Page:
No less a duo than George R.R. Martin and John Hodgman think their fans are wonderful “ninety percent of the time.” As if to bolster their case, the Tin House blog asked T.C. Boyle and company to recount their best experiences as fans.
“I’ve been hailed as a hero (hipster poets love me), gotten the rock star reception (by research librarians), and been dismissed with derision, thought possibly to be deranged,” says Jon Danzinger. So what’s his job, you might ask? He’s a researcher for the Oxford English Dictionary.
New this week: How to Set a Fire and Why by Jesse Ball; I Am No One by Patrick Flanery; The Long, Hot Summer by Kathleen MacMahon; The Trap by Melanie Raabe; Absalom's Daughters by Suzanne Feldman; The Dream Life of Astronauts by Patrick Ryan; and Angels of Detroit by Christopher Hebert.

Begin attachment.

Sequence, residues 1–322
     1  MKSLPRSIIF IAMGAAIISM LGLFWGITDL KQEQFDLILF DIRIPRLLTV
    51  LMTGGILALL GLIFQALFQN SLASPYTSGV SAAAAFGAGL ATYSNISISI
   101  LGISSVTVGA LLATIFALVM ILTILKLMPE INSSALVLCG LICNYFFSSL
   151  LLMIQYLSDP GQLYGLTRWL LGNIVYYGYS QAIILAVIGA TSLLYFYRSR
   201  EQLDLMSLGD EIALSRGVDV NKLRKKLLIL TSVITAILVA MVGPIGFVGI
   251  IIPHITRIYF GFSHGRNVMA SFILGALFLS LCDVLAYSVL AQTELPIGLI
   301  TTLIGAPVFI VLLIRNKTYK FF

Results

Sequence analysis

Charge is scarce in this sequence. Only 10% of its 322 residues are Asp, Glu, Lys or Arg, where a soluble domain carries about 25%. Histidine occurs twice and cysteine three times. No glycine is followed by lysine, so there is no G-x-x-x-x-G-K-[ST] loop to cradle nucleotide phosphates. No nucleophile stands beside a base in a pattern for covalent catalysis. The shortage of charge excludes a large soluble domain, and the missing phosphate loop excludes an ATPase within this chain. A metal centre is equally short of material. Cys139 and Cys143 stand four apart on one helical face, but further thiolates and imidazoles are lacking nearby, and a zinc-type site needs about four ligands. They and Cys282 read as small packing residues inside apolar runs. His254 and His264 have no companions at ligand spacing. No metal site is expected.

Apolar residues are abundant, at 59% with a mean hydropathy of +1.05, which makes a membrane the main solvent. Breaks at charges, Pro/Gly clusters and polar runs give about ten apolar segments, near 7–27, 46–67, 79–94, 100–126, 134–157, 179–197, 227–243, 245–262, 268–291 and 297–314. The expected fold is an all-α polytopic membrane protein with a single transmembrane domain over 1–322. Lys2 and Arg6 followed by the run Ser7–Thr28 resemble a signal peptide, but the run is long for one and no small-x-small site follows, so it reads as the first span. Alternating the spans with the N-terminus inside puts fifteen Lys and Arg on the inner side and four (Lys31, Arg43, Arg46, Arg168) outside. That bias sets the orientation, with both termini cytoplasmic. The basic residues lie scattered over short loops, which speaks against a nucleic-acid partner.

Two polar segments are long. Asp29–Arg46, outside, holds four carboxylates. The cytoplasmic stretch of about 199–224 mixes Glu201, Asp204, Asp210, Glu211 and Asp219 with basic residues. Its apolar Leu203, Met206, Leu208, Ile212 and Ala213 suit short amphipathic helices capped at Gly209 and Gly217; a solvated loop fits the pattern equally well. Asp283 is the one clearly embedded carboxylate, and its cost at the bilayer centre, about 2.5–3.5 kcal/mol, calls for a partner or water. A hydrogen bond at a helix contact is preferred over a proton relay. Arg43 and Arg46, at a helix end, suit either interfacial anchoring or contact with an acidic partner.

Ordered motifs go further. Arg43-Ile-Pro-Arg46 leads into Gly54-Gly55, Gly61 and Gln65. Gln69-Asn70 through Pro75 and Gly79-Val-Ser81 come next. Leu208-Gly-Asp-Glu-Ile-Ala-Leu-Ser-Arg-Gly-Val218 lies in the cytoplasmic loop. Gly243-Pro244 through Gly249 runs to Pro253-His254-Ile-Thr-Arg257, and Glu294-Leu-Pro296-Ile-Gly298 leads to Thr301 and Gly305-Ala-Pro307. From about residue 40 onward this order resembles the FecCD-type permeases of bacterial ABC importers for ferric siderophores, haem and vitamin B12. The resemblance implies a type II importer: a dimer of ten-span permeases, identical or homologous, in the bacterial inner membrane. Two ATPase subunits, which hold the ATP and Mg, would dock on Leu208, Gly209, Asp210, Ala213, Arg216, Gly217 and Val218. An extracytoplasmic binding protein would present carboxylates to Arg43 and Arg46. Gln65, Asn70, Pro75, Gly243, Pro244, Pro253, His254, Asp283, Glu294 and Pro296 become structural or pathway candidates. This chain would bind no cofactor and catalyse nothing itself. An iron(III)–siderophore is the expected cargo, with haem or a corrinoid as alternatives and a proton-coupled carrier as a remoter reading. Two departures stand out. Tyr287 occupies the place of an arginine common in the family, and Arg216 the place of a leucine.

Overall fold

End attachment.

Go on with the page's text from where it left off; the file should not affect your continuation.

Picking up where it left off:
Half-meme, half-myth, 'Slender Man' came to us from the same internet that brought LOLcat, doge, and Rule 34. After the surreal stabbing of a 12-year-old girl by two other children claiming they were acting on his behalf, this particular story has taken on a tragic resonance. In The Semiotic Review, Jeffrey Tolbert argues that Slender Man took hold because of the documentary nature of internet 'evidence'. As one Something Awful blogger put it, "Even if we don’t really believe in [Slender Man], we are cutting him out and sewing him together. We’re stuffing him with nightmares and unspoken fears. And what happens when the pictures are no longer Photoshops?" Very meta--and very scary, all over again.